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Here's a real poser for you all. We left a car battery in the back of our minivan and it tipped over, probably several days ago. When we tried to clean up the mess, the carpet came up in fuzzy pieces. The worst part is that we were planning on trading this van in soon. I am trying to decide if I should just trade it in as is, try to patch the damage (most of the cargo area), replace the entire carpet or something else. Anyone have any experience with something like this?
Jess from Portland, OR
Don't wait any longer, it is ACID and will "eat" more than just the carpet ! Flush the area with a water and baking soda mixture to neutralize the acid and stop any more damage. I'm guessing that you should use one or two cups of baking soda to a bucket of water. I'd personally cut out and throw away all of the damaged carpet (and hope the damage didn't go much deeper).
We read a couple of other sites on the internet about cleaning up messes like this last night and went through all the baking soda in the house. It sizzles and turns brown when it touches the acid. We haven't used any water yet, just straight baking soda. I also have been calling around and spoke to a very helpful Auto Detailing shop that gave us similar advice about replacing the carpet.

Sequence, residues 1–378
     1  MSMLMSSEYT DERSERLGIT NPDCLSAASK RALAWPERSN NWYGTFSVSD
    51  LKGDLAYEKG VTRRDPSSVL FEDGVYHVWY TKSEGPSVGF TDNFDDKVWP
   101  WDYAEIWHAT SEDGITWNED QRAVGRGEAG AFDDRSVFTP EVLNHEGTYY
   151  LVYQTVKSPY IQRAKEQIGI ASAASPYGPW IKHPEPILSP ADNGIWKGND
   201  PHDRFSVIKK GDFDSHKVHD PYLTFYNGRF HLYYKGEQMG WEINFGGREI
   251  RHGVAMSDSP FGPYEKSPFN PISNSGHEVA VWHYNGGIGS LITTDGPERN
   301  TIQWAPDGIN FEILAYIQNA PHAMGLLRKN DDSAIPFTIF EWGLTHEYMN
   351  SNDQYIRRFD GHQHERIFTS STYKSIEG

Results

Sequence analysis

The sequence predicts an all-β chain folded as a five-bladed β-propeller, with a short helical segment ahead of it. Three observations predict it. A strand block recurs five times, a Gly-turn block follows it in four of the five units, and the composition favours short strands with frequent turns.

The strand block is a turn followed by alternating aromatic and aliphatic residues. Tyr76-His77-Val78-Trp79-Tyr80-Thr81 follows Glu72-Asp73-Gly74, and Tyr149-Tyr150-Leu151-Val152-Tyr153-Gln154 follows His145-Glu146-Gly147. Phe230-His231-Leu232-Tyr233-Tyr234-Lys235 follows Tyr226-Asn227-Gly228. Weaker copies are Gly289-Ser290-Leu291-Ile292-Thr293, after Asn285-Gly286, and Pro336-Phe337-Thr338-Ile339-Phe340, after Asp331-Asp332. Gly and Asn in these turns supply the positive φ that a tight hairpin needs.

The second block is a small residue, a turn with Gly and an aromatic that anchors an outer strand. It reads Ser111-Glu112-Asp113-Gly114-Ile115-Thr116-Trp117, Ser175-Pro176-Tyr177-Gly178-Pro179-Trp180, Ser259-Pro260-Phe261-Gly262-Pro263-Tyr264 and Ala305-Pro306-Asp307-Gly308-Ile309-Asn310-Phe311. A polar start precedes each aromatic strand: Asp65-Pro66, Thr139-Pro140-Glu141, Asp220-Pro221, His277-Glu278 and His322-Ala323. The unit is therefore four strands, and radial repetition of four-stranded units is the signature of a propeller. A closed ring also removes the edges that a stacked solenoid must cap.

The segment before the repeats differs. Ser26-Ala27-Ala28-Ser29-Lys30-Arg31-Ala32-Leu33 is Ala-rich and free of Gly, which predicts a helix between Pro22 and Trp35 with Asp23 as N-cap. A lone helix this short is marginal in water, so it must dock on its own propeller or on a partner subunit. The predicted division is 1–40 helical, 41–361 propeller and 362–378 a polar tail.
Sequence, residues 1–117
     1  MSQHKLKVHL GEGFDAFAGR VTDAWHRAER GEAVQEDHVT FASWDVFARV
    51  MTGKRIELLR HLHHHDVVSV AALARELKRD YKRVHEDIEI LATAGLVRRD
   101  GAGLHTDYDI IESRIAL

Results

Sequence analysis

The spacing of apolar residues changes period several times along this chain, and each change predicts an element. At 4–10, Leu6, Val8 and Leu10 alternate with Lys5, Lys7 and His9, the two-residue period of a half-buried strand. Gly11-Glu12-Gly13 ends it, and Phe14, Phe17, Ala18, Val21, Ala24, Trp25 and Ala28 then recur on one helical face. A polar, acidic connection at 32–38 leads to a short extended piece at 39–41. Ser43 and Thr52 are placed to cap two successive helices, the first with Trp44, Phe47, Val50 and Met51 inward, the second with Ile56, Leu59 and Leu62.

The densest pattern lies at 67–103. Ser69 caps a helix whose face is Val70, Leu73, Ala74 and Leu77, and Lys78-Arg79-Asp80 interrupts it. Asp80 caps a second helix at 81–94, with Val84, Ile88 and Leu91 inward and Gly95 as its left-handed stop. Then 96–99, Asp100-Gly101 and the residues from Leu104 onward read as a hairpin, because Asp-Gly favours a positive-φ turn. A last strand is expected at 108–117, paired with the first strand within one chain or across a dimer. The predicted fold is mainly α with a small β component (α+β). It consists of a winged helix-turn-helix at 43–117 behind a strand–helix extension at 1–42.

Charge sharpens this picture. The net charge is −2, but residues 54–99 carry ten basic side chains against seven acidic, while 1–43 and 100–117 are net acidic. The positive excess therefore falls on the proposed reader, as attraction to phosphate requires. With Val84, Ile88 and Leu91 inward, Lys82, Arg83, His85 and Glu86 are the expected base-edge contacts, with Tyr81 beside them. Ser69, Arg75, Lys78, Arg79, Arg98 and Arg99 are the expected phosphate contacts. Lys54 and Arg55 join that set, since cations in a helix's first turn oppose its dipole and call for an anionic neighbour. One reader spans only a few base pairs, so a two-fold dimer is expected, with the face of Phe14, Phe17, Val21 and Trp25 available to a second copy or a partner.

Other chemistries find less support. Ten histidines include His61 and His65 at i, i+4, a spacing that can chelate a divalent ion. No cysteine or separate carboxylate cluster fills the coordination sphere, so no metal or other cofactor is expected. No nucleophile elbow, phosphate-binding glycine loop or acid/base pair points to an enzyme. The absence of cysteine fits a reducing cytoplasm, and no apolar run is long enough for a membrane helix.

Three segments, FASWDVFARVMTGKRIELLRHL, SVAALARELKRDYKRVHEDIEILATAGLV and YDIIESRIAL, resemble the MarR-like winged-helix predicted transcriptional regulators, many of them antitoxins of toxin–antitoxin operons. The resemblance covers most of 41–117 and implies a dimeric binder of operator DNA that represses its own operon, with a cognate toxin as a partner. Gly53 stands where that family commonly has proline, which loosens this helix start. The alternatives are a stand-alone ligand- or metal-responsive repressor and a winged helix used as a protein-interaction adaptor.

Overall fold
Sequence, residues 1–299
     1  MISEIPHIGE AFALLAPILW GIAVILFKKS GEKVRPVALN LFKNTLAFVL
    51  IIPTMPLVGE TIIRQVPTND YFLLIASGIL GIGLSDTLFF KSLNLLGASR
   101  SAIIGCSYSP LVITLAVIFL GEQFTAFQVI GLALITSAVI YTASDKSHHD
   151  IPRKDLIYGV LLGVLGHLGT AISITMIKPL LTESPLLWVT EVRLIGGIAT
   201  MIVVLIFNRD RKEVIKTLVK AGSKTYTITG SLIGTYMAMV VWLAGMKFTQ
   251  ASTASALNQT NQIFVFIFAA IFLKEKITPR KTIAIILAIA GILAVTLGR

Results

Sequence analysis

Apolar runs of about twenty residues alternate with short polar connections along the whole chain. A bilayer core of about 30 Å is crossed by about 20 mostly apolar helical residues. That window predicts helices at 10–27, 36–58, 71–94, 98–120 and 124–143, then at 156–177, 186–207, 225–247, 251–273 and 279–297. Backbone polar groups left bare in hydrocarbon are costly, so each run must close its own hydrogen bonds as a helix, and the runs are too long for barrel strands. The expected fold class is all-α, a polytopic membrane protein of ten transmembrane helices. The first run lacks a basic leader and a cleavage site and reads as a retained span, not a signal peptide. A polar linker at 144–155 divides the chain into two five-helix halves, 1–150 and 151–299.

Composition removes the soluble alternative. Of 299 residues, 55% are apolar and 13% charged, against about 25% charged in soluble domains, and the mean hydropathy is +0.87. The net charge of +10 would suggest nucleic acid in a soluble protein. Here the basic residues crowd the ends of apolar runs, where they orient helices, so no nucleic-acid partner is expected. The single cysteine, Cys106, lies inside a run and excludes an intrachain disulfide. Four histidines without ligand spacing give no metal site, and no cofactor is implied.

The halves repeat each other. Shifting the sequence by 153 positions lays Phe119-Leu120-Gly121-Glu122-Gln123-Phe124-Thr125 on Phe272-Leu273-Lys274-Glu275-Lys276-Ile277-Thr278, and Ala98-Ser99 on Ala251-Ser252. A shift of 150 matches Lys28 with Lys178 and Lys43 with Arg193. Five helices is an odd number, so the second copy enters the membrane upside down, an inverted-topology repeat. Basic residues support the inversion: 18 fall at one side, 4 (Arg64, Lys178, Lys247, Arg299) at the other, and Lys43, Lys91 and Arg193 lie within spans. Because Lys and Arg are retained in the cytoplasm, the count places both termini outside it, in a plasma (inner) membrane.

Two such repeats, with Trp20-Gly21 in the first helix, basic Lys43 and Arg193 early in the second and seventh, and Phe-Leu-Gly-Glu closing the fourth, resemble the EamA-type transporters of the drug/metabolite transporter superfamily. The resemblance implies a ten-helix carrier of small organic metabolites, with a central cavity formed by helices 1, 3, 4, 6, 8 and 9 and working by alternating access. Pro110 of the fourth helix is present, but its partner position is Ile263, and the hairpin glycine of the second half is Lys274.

Thanks for the feedback!
All this is valuable information/advice. We spilled white PAINT, not acid, thank God, but wound up using a floor DESK MAT, with long "teeth" on one side
and covered it instead of recarpeting it. It seems to be OK for most anything, a good way to recycle the
mat and protect the remnant of any carpeting left.
Hope this helps in some way? God be with you in carefully cleaning up the acid with "chemical" gloves
and paper towels, not rags. We used carpet samples
for mats in the front, so why not go to carpet stores
for their cheap samples of bound carpeting remnants? You could patch it as easy as pie, if the sample carpet were a close match...THEN use the desk mat to cover the patching. Good luck. : )
We read the instruction to use ammonia, but there were no further instructions. We followed some of the ideas above, including: Rubber gloves, paper towels for applying and straight ammonia. It appears to have neutralized the battery acid.